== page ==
It was an inauspicious start: 1967, nine years old and chasing my brother through the heather. Suddenly I was doing a Wiley E Coyote impression, feet windmilling through the air as I fell into a gravel quarry at the side of the track up Glen Dee. There was scraped skin, a modicum of blood and bruising and plenty of tears, prompted by shock as much as pain.
But what swung it that day was the water. After the tears had subsided and we’d walked a little further we came across a stream. Not too big, but running clear down off the hill and culverted under the track to continue its way down to the Dee. A cup was produced, water was scooped from the burn and ritually tasted by my father and his pal. A little peaty, apparently, but potable. We would be able to drink it.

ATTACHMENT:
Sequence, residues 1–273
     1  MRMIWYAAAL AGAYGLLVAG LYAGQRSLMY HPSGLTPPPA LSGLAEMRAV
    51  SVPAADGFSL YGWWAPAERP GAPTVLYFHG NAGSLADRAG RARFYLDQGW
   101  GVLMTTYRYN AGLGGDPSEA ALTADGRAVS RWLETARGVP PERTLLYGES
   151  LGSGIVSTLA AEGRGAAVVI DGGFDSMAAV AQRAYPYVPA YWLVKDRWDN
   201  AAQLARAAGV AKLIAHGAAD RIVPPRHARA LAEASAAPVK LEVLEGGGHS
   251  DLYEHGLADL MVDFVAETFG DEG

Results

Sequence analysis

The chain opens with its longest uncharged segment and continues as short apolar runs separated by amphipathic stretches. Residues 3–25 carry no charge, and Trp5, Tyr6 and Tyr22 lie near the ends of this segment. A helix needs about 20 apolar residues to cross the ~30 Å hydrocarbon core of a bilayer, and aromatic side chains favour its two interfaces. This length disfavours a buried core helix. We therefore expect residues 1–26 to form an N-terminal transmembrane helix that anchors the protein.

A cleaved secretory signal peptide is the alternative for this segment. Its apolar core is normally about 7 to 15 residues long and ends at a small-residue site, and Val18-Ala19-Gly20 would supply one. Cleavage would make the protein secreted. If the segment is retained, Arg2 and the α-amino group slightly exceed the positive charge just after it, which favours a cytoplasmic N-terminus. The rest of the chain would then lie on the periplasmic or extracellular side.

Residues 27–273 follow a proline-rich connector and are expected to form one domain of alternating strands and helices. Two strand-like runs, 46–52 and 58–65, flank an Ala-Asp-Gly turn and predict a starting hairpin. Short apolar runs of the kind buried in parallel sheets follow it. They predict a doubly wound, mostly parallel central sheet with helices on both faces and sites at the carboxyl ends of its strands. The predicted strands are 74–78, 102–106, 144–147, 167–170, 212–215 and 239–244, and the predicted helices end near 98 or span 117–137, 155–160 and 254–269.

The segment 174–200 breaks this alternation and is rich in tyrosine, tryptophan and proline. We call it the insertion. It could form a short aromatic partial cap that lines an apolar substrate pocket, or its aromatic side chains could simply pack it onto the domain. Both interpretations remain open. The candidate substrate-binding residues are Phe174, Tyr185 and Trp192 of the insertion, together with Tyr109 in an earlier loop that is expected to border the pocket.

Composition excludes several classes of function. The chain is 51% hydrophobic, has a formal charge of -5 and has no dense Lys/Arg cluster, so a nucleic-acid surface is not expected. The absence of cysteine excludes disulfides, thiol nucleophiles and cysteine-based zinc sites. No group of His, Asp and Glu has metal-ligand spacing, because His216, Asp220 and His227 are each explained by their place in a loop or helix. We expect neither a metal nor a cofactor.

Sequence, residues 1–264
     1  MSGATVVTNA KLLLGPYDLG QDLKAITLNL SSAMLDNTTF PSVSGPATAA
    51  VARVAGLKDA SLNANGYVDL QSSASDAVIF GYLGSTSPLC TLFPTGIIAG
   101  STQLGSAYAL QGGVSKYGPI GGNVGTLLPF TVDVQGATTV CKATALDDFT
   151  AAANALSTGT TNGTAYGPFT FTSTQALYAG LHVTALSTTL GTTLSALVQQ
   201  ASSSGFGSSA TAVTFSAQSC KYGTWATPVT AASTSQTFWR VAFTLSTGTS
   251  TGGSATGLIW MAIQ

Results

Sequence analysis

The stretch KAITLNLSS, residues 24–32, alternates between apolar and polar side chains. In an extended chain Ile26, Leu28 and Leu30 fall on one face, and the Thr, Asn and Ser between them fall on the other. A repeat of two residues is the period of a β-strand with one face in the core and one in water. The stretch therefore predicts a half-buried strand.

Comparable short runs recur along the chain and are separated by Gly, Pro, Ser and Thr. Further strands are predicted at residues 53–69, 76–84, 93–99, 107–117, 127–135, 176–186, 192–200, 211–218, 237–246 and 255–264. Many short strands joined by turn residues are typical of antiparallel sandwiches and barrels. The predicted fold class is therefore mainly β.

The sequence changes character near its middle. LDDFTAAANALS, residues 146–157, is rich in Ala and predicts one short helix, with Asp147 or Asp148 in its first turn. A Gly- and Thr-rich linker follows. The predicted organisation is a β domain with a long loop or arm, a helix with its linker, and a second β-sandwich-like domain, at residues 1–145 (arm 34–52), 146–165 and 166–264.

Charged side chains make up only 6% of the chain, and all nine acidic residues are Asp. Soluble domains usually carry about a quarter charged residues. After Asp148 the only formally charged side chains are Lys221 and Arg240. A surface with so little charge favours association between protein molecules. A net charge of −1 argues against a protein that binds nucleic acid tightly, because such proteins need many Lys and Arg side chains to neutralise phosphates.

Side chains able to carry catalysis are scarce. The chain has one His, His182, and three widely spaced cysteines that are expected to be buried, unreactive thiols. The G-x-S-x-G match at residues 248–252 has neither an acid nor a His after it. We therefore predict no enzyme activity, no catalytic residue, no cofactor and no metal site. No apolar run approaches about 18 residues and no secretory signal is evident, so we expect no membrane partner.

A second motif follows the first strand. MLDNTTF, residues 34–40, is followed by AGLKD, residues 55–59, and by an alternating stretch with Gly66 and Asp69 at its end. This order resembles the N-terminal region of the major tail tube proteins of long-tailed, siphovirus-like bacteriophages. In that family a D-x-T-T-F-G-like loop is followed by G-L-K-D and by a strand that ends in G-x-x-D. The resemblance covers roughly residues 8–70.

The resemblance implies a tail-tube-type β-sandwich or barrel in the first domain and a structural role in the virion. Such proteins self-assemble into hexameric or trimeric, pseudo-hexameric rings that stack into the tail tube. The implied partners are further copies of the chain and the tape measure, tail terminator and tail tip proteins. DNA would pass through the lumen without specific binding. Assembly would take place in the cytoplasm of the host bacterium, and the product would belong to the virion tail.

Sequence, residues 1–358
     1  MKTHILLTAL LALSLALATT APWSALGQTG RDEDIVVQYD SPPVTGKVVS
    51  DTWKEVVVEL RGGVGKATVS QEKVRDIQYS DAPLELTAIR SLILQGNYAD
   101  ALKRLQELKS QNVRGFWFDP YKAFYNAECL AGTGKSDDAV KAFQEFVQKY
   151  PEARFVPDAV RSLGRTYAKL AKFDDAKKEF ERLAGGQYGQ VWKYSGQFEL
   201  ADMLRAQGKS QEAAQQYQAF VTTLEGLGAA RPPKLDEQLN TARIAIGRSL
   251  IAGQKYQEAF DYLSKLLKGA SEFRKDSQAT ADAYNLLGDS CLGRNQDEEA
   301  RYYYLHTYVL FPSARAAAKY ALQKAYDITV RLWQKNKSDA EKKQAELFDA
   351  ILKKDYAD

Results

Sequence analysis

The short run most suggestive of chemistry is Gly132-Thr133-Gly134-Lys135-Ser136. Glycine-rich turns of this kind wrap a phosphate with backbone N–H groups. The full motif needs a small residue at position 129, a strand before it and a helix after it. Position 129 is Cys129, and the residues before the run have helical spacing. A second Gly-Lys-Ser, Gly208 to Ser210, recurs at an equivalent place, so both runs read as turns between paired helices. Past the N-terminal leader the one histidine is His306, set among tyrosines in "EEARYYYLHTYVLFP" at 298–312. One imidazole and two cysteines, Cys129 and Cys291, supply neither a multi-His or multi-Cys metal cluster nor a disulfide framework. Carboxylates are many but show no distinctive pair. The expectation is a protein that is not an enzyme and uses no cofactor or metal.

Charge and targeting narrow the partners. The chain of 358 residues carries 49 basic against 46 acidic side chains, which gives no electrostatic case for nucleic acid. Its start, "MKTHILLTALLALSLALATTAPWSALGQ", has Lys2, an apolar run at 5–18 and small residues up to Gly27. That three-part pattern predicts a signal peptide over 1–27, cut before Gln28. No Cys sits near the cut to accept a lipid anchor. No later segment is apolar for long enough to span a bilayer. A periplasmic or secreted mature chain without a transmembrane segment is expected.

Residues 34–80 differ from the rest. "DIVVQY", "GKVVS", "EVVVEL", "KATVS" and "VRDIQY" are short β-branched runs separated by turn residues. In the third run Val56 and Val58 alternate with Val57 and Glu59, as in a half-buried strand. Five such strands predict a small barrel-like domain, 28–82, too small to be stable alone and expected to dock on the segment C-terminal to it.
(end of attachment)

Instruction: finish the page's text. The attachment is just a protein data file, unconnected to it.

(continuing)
Now just days from my 60th birthday the anniversary which counts more is the 50 years since that day in 1967. The half a century I have enjoyed in Scotland’s mountains, climbing hills, rock climbing, climbing icy gullies and ridges and stravaiging with no goal other than to be in among the hills.
In the beginning were the Cairngorms. My parents acquired a caravan which sat the summer through at the old Canadian Campsite, where the Lui joined the Dee, clear ground where just twenty-odd years earlier Canadian loggers had processed the trees they stripped from the surrounding hillsides to feed the bottomless appetites of world war. For us kids it was a perfect playground and the woods and hills around were simply an extension of that. Yes, with my father and uncle and my father’s many friends, we climbed hills, but there was no mention of whether they were Munros, no driving urge to stand on the top of a hill, and many a walk explored glens and corries, remote lochs, bothies, even stands of trees where deer may have shed their antlers and where we could find anthills to gaze at. It taught me to love the hills in their entirety, not just the piled rocks at the highest points.